I do not agree that the best way to revive the troubled Panpaper is to sell what was once the largest paper maker in East Africa to a timber merchant for a song.
I have it on good authority that the National Treasury and the Ministry of Industrialisation are about to flog the company to the Rai Group at a price of Sh900 million.
As a matter of fact, an agreement for the purchase of the company has already been negotiated.
Should it not be obvious to everyone that in seeking to purchase Panpaper, the only value proposition for the Rai Group in the whole deal is the forest licence from the Kenya Forest Service?
Does it really make sense to put a long-term forest licence into the hands of a timber merchant?
Who is going to monitor the arrangement to make sure that timber harvested from government forests at concessionary prices for paper manufacturing is not diverted to the timber business?
Has this agreement been properly negotiated in regard to issues of conflict of interest?
TOO MANY CONCESSIONS
In my view, the government has, in the negotiations to sell Panpaper, bent over backwards to give the Rai Group too many concessions.
For instance, the parties have agreed that the share and purchase agreement will not be signed until the following conditions have been met:
First, that the application for the Kenya Forest Service licence by Panpaper be approved.
Second, that the National Land Commission issue titles to all untitled properties belonging to Panpaper.
Third, that all title documents owned by the company be transferred to the Rai Group.
Clearly, the buyers have their eyes set on Panpaper’s land and property.
In retrospect, the taxpayer has, in the name of trying to revive Panpaper, borne a huge burden only for the company to end up being sold to a timber merchant.
In 2012, the government gave out a whopping Sh2 billion to the Ministry of Industrialisation to revive the plant.
The money was deposited in a special account and ring-fenced against being spent by the ministry on any other activity.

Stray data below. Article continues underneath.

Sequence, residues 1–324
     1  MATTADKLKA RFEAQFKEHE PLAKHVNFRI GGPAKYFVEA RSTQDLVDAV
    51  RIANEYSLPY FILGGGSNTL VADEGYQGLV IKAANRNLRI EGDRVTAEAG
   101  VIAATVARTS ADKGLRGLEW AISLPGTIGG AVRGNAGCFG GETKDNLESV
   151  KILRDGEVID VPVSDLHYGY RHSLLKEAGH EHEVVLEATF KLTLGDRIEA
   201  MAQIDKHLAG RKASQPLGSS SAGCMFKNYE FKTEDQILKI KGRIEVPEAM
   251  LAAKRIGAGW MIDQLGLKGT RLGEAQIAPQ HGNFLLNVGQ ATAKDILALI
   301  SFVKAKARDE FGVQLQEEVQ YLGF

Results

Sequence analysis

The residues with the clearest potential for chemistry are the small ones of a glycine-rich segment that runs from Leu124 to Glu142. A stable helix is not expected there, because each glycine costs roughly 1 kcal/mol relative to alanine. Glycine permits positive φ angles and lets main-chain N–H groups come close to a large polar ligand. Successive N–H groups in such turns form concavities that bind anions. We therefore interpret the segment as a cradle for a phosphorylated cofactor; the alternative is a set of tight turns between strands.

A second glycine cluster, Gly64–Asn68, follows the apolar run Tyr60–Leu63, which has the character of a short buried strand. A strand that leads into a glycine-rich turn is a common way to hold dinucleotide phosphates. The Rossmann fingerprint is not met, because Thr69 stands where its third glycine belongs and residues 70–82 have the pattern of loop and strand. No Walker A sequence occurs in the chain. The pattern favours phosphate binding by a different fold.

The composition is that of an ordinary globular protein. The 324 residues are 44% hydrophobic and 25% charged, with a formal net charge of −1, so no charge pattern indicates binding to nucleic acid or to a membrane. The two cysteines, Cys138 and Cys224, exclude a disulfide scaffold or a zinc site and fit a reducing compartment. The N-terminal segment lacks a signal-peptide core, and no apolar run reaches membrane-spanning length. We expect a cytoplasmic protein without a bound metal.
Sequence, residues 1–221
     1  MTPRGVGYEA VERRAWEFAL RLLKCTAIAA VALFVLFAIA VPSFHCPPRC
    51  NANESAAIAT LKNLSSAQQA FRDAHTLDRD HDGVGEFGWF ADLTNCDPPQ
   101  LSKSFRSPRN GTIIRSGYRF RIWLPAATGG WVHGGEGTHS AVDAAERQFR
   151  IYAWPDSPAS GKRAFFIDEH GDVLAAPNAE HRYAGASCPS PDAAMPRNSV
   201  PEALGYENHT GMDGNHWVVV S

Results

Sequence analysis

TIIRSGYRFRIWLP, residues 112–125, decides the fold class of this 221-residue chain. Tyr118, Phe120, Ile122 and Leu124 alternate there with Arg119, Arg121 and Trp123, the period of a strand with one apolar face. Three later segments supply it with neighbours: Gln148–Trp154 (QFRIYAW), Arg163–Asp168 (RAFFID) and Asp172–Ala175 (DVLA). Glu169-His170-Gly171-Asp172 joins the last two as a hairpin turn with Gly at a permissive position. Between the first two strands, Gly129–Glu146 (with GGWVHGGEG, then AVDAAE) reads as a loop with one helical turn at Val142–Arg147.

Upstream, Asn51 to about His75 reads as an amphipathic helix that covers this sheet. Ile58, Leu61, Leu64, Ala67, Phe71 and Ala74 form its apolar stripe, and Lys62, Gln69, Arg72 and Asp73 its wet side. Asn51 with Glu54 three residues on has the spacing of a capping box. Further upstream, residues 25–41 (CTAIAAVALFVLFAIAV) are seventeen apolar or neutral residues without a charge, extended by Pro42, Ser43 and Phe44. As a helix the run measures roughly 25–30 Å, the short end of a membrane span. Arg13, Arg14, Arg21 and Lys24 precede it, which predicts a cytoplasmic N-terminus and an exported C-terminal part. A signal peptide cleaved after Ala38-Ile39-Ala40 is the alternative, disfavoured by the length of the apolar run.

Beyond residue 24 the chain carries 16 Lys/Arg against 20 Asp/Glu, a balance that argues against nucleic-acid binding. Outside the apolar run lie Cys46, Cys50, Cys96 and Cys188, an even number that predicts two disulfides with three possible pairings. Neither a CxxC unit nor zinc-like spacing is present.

More millions were released for trial production runs to keep the plant running and operational and to prevent the machines from rusting from disuse.
We have spent billions to revive a company that we are now about to sell for a paltry Sh900 million?
We must also not forget that the government, in the name of reviving Panpaper, signed away hundreds of millions of shillings in VAT refunds that Panpaper owed the Kenya Revenue Authority.
In addition, the government signed an agreement in which it transferred all the debts owed by Panpaper to short-term lenders.
On top of it all, the government paid Panpaper’s short-term lenders a total of Sh400 million in cash so as to get this pesky lot of creditors out of the way.
At one point, the government mooted a plan to buy the company from the long-term lenders, restructure it, and turn it around into a fully fledged parastatal operating under the Industrialisation Ministry.
As a matter of fact, in July 2013, the Treasury and the Office of the Attorney-General even went to the extent of incorporating a new government-owned company by the name Webuye Paper Mills Ltd, which was to take over the assets of the company from long-term lenders.
Is a paper plant in the image of Panpaper commercially viable? Is it possible to produce paper competitively?
SPECIAL ECONOMIC ZONE
I do not know, but I think that considering the billions of shillings in public resources that have been poured into reviving the company, we should, instead of selling Panpaper to a timber merchant, be thinking outside the box and use the vast land it owns in Webuye to set up industrial parks and a special economic zone.
Indeed, Webuye town is an attractive location for an industrial park.
There is adequate land, a railway siding, a good road network, and proximity to Kenya’ largest trading partner - Uganda.
And we now have the legal framework for special economic zones.
Last year, Parliament finally passed a law to create not only a new authority to run special economic zones, but a framework for setting up incentives for investors, including tax holidays, exemptions from customs and excise duties, and a raft of financial incentives.
We could make Webuye the first trans-boundary special economic zone in Africa.
If anything, the National Environment Management Authority has previously expressed concern about the company’s pollution of the environment.
The Mount Elgon County Council raised concerns about the sustainable harvesting of trees from the forest.
Selling Panpaper to a timber merchant just does not make sense. Period.